Apr 132009

There are situations when users have to access certain applications of operating systems other than their native operating sytems.  Certain organizations take migration steps towards opensource platforms. They need to provide their users with access to critical legacy applications. In other cases, when you have upgraded your computer system with latest hardware and your old native OS doesn’t support your new hardware. You work in your native OS and at the same time you want to use your new hardware with compatible OS. In such cases desktop virtualization can be a very good solution.

Sun xVM VirtualBox is among the  compelling desktop virtualization solutions because it is available as a no-cost download for personal use and as open source code.


  • Near-native performance.The software ships with optimizations (called “guest additions”) for certain guest operating systems. Guest additions are installed inside a specific VM to accelerate performance or otherwise enhance the feature set of a particular guest environment.
  • Rich host and guest integration. When a VM is configured in “seamless” mode, the software maps guest application windows directly on the host desktop, allowing guest and host windows to appear side-by-side. This gives the impression that a guest application window is running natively. Just as with native OS windows, the user can dynamically resize guest application windows as needed, or alternatively, run the guest VM in full-screen mode.
  • Shared folders and shared clipboard. Applications running on host and guest operating systems can transparently share files and clipboard data. When a folder is configured as a shared folder, it becomes available to the guest environment as a network share. Optionally, the clipboard of a guest OS can be shared with the host OS.
  • Time synchronization. Since the native OS manages the host system’s clock, some virtualized desktops do not adequately address time synchronization between host and guest OS environments. With VirtualBox, the guest operating environment is synchronized automatically with the native OS, allowing the user to see accurate time reporting.
  • Powerful virtualized networking. Up to four virtual Gigabit-based network interfaces are supported in each VM and are then accessible from other machines on the physical network. When a VM is configured, the user individually selects what kind of hardware is presented to the virtual machine. Virtual network interfaces also support remote booting via PXE protocol.
  • Robust virtualized hard disk controller support. VirtualBox implements virtualized instances of two of the most common hard disk controller types, IDE and SATA. Up to 32 SATA devices are supported in a guest OS, enabling access to a variety of device types, including devices with removable media.
  • Support for Advanced Configuration and Power Interface (ACPI) reporting. This functionality allows an ACPI-aware guest OS to obtain host configuration specifics, which helps the guest configure virtual hardware capabilities. ACPI simplifies the task of cloning PC images from real machines or from third-party virtual machines  into VirtualBox software. An ACPI-aware guest can also obtain host power status,  such as a low battery condition on a laptop.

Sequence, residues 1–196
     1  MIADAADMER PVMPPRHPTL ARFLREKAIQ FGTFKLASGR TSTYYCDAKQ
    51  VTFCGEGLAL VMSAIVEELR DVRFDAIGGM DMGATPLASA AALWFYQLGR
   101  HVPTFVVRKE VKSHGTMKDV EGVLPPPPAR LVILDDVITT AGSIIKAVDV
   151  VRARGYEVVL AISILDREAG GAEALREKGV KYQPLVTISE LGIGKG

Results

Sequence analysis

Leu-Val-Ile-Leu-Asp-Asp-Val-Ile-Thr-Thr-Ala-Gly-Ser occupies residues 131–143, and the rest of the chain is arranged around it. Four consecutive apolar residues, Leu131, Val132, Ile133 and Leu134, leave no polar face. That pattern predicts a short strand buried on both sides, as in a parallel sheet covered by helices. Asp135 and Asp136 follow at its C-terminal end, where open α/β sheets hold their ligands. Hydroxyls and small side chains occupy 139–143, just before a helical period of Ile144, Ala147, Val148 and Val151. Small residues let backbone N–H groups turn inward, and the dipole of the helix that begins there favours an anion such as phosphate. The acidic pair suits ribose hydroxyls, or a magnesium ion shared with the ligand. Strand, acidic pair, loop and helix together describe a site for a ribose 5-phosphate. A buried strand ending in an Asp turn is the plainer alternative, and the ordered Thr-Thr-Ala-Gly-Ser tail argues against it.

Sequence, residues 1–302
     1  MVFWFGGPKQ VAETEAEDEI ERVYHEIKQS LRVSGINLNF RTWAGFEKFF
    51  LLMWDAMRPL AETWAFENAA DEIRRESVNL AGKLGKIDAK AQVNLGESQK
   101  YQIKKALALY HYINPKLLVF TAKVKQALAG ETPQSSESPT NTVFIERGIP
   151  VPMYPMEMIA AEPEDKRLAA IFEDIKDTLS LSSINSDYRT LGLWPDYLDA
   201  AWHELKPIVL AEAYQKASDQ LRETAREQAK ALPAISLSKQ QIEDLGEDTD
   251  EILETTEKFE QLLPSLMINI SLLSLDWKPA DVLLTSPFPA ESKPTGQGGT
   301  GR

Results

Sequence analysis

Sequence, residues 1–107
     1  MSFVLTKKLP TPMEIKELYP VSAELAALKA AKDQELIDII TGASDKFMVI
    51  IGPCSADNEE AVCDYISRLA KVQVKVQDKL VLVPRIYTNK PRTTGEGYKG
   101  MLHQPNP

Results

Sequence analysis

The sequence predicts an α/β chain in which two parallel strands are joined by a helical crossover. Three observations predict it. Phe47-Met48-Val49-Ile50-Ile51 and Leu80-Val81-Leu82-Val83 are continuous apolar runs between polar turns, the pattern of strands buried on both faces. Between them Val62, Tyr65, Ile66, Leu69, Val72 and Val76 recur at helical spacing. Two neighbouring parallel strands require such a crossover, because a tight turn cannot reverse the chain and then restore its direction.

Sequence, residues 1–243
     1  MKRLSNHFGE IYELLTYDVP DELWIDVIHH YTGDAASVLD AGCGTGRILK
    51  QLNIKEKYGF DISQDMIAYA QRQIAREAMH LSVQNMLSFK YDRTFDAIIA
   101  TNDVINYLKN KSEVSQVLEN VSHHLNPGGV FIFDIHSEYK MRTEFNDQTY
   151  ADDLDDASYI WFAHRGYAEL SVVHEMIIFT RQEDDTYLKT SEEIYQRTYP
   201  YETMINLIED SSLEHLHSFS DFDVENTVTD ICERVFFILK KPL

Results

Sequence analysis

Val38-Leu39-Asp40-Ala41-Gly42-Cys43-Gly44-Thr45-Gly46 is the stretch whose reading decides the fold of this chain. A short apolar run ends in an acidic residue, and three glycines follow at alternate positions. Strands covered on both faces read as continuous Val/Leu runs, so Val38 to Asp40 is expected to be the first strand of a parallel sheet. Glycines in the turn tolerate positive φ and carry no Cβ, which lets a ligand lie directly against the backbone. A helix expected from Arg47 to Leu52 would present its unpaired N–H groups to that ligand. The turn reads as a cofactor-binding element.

• Virtualized display support. VirtualBox supports all VESA standard resolutions and color depths. VMs can also be configured to support screen resolutions many  times that of a typical physical display. This allows VMs to be spread over a large  number of physical screens on a host system.
  • Secure VM instances. Because VirtualBox prevents data leakage, VM instances are isolated and cannot impact applications running on the host OS or within other  VMs. This allows companies to extend access to non-native applications while protecting core business functions.


Create New Virtual Machine

Installing Guest Operating System


Network Config

Ubuntu on windows XP



ubuntu, windows xp, opensolaris Virtualization on Mac OS.


VirtualBox Application and Deployment:


A typical user in this case is a software developer who downloads VirtualBox (at no charge for personal use), installs it on a desktop, and creates several VMs to simulate test environments for potential deployments. On a virtualized platform, multiple VMs act as isolated sandboxes for testing, eliminating the need and cost associated with corresponding physical systems. For example, a Web 2.0 developer must test applications on multiple browsers including Safari, Internet Explorer, and Mozilla (commonly used in Mac OS, Microsoft Windows, and UNIX environments, respectively). A single laptop configured with multiple VMs and these operating systems becomes a powerful yet low-cost test and development environment.

You can Download VirtualBox latest version from Here.

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